Guest post written by Brad Cunningham
Basketball players everywhere are trying their best to shoot a ball through a hoop. In pursuit of this goal, players develop their own style of shooting. The image below shows three of the greatest basketball players just as they are about to shoot. At first glance, their form looks pretty similar. However, the differences intrigue me, and make me think about PDIA.
From left to right: Steve Nash, Reggie Miller, and Larry Bird
With a closer look, differences in these players form becomes apparent. When Steve Nash shoots, the ball stays further in front of him, close to directly above his elbow, and slightly right of the center of his body. When Reggie Miller shoots, the ball is centered above his head (not his elbow) and further back. Larry Bird takes the ball even further behind his head and has it centered above his shoulder instead of his head.
If that all seems like insignificant nuance, consider that while Larry Bird shoots, the ball is nowhere in his field of vision. Contrast this with Steve Nash, who almost obscures his vision of the basket with the ball. Despite these differences of shooting form, all three of these players achieved the highest level of shooting functionality during their careers.
In sports, elements of form are often referred to as “mechanics”. Elite athletes using different mechanics happens in many sports. Top golfers develop unique swings that accommodate their physique and style of play. Baseball pitchers also develop unique pitching motions. In each of these sports, it is remarkable that different forms developed even though players are trying to achieve exactly the same function: put a ball through a hoop from up to 24 feet away, hit a golf ball a far distance in the desired direction, or throw a baseball past a batter.
I can only speculate at how a multiplicity of mechanics comes about based on my own (admittedly amateur) experience playing basketball. I was recently back on a basketball court for the first time in a while. An hour flew by while I was working through the seemingly endless combinations of elbow position, ball position, aiming cues, release angle, left hand position, etc. Yet by the end, the rapid feedback I got from how consistently the ball was going in had helped me find a combination of form-elements that worked for me.
In sports, athletes and teams improve their functionality and the integration of their elements of from through a process called “practice”. In governance, agencies improve through a process we call “re-form”. These words are interesting. In my experience, the activities that “practice” brings to mind (such as trial-and-error, coaching, and gaining skills through experience) are much more relevant to improving the functionality of agencies in developing countries. These also happen to be the ideas that PDIA is built around.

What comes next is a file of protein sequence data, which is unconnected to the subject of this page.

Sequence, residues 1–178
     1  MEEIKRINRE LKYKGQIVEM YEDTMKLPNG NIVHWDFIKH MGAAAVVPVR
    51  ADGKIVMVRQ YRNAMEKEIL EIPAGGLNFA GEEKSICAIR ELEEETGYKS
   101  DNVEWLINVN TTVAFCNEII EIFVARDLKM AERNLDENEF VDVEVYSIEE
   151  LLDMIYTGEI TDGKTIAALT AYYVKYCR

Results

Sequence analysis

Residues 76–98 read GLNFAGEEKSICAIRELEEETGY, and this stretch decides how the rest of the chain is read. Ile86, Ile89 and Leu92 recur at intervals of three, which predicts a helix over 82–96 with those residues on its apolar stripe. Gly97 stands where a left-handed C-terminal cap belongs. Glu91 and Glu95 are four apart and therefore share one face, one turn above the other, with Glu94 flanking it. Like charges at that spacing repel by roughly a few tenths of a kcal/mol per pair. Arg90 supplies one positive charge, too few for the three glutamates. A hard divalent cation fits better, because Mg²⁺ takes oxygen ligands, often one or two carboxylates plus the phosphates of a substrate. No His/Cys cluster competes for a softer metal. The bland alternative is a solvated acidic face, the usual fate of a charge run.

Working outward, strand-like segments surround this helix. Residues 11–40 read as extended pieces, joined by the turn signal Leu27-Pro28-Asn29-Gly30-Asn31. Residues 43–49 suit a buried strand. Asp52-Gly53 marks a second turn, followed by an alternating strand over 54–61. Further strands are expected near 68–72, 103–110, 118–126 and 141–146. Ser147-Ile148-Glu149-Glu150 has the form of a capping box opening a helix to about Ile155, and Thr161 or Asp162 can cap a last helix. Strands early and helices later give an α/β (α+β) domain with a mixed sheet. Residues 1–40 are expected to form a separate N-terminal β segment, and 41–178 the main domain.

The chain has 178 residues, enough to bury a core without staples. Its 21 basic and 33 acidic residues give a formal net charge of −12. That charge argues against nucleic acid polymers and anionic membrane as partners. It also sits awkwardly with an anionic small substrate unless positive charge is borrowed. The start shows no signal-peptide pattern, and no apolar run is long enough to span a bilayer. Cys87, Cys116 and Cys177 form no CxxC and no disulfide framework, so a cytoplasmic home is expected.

In contrast, “reform” implies re-adjusting forms. Without connecting newly adopted forms to their functionality through a process of “practicing”, the purpose gets lost. This is embodied in activities like changing bureaucratic rules and procedures that are easy targets for change but rarely seem to enhance functionality. To get where they need to go, government agencies need help and time practicing their craft. They need clear goals and quick and timely feedback on whether the form adjustments they make are helping to reach these goals. In other words, they need PDIA.
In addition to direct feedback during practice through a PDIA type process, professional athletes are also constantly scrutinized through detailed statistics of their functionality – shooting percentages, batting averages, driving accuracy, etc. This is a great analogy for the kind of metrics we need for government. As Matt Andrews has pointed out before, metrics of governance too often focus on forms. Instead, we need more and better metrics of functionality that will promote the practice of governance.
All of this confirms my suspicion that PDIA is not some new fad of a panacea that was invented by ivory tower elites. Rather, I see it as a mundane (and perhaps far too obvious) description of how people and organizations have always gone about getting better at accomplishing something in the real world… and I think that’s great.